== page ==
Monday, July 11, 2011

The best laid plans of mice and men

Ahh. The Sabbath. How much I have enjoyed The Sabbath Experiment / Experience. It really has changed my life and, dare I say, greatly improved my marriage. Bill and I were talking about that yesterday afternoon and he agreed. Since starting The Sabbath Experiment the last week in September, we've grown closer and are generally happier in our marriage. That was a perk I hadn't planned on from the beginning, but in hindsight, see that it makes sense.

Slowing down. Enjoying life. Enjoying family. Even if it is just for one day a week, that's certainly better than no days a week. After all, I was just too busy. Or so I thought.

Do you fall into that trap? Do you feel as if you slow down you might miss something? Guess what? If you don't slow down, you will miss things ... many things.

I shared this story with my Sunday School class yesterday morning:

A migrant South African tribe went for long marches on a regular basis. Day after day they would trudge along until suddenly, they would stop and set up camp. When asked why they stopped, the answer was simple -- so their souls could catch up with them.

Ask yourself -- when was the last time you let your soul catch up? Have you been trudging along at such a harried pace that your soul has been left somewhere in a cloud of dust? Be honest. God calls us to rest one day a week. It's not a legalistic calling, but one of concern, care and love for you, a vital part of His creation.

The Sabbath is so important to God, that He even calls upon us to allow our animals to rest on the Sabbath:

In Exodus 23, verse 12, He says:  “Six days do your work, but on the seventh day do not work, so that your ox and your donkey may rest, and so that the slave born in your household and the foreigner living among you may be refreshed."

If a Sabbath rest is important enough for your ox and donkey, don't you think it's important for you?

It's funny. I spent several hours out with a friend on Saturday. My plan was to come home and work. However, I got home and simply didn't feel like it. So I told Bill I was going to have to work on Sunday evening. And then I sat down to prepare my Sunday School lesson. Talk about conviction!! There would be no work for me on Sunday. Or so I thought.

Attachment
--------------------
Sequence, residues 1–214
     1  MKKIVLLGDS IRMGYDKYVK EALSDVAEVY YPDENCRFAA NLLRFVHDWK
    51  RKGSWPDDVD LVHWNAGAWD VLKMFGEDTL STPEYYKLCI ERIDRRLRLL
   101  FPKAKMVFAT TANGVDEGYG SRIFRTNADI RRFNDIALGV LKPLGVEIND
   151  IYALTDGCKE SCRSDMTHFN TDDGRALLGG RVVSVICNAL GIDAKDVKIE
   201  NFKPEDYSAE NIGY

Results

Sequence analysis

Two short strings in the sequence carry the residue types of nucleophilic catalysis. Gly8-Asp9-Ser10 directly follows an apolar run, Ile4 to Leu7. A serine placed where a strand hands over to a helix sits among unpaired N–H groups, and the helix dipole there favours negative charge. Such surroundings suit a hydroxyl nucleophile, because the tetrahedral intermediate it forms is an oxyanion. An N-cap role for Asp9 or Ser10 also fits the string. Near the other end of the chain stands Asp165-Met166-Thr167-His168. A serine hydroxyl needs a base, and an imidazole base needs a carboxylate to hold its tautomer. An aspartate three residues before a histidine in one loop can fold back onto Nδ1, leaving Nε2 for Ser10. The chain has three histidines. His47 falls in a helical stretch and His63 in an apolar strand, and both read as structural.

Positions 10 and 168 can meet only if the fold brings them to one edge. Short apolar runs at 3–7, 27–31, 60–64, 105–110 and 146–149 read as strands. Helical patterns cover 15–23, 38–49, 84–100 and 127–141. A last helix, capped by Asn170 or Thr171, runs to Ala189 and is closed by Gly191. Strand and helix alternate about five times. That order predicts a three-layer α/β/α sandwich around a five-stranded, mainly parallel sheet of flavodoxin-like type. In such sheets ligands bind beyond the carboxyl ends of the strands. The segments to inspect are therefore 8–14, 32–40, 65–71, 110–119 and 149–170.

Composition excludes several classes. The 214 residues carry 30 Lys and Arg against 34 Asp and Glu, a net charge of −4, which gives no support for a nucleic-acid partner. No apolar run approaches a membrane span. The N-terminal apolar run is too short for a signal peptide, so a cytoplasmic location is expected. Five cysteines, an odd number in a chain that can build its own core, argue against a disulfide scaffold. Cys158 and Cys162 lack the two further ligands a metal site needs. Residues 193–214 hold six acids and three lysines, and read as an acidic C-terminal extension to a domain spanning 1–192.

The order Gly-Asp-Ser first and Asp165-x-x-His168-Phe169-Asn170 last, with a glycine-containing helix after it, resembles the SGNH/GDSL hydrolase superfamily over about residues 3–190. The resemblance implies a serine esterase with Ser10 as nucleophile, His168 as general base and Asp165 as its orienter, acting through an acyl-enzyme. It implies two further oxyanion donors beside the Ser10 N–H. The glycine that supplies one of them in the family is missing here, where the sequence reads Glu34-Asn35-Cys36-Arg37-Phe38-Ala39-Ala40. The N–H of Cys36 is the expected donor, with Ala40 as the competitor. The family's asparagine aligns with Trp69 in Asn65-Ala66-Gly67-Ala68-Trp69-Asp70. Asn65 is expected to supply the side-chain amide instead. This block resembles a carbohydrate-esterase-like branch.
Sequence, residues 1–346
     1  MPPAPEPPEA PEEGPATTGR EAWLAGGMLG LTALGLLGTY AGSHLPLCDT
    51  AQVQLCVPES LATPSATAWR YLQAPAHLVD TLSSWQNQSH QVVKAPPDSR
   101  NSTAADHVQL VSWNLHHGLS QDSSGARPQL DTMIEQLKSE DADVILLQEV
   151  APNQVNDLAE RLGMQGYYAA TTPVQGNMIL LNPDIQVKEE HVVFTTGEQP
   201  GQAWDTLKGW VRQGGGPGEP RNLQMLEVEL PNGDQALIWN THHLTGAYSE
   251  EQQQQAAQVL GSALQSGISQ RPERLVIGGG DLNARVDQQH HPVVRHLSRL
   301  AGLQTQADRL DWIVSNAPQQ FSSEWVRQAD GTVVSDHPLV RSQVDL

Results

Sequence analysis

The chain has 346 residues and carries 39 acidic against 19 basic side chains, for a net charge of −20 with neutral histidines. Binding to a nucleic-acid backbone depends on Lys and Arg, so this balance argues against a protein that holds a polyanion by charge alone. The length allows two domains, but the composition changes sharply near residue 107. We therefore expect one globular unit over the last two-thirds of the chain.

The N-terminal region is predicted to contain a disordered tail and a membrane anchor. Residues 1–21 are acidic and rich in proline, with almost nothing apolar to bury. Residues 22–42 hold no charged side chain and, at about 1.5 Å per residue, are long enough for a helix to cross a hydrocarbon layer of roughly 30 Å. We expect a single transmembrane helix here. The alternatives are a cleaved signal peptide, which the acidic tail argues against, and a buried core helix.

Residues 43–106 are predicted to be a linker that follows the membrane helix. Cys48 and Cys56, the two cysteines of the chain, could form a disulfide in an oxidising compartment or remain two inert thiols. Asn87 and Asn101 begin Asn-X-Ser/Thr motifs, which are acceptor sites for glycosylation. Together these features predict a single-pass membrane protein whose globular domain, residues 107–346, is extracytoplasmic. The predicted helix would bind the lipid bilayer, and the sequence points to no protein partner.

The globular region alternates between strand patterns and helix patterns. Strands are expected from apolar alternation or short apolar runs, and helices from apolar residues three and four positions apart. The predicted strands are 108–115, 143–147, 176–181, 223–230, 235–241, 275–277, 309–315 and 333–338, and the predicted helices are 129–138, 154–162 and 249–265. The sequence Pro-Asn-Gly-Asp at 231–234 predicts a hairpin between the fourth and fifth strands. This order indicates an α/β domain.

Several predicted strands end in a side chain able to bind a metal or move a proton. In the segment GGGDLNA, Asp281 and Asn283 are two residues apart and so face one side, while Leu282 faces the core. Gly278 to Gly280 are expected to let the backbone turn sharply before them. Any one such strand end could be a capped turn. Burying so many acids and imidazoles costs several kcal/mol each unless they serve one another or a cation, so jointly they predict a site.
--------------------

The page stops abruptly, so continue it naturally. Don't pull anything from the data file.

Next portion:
My intentions were good. My plan was to go to Sunday School and church, out to lunch with the kids and grandkids, and then come home for an afternoon and evening of rest. We were going to watch a movie, play some Bananagrams and possibly nap. It was going to be a lovely day. But then I opened my silverware drawer. The smell of peppermint oil wafted up from the open drawer. As I reached for a teaspoon to stir my coffee, I stopped and stared. There, positioned neatly between two of my favorite spoons, was a shiny new piece of mouse poop. Like a balloon encounting a sharp object, my plans for the day quickly deflated. So much for the peppermint oil -- the mice in my house are not at all repelled by it.

Although we did nap for awhile after lunch, we eventually had to get up and face the daunting task of emptying the drawers, washing everything, wiping down the drawers with vinegar and then with the Norwex cloth. Of course, that wasn't all we had to do. Since this was the third time mice left evidence in our drawers of their presence this summer, and since the peppermint oil apparently was ineffective, we had to work, and I mean work, on solving the problem. That meant closing up the entry points.

Could someone explain to me why kitchen cabinets are not closed up all the way in the back? Apparently, I'm not the only one with this problem. When I started typing in the problem on Google, all I had to write was "Mice in ..." and Google completed the sentence with "... silverware drawer." Really? There were 104,000 responses. I was not alone.

Reaching into the back of cabinets through narrow drawer openings was not an easy task for a husband with bursitis (we think) in his shoulder. The pain, evidenced by his facial expressions and not by his complaining, was intense. And this was supposed to be a day of rest!!

The moral of the story -- despite our best intentions, sometimes life has a way of undoing them. In this case, our intentions were undone by a mouse.

Hoping your day was restful,


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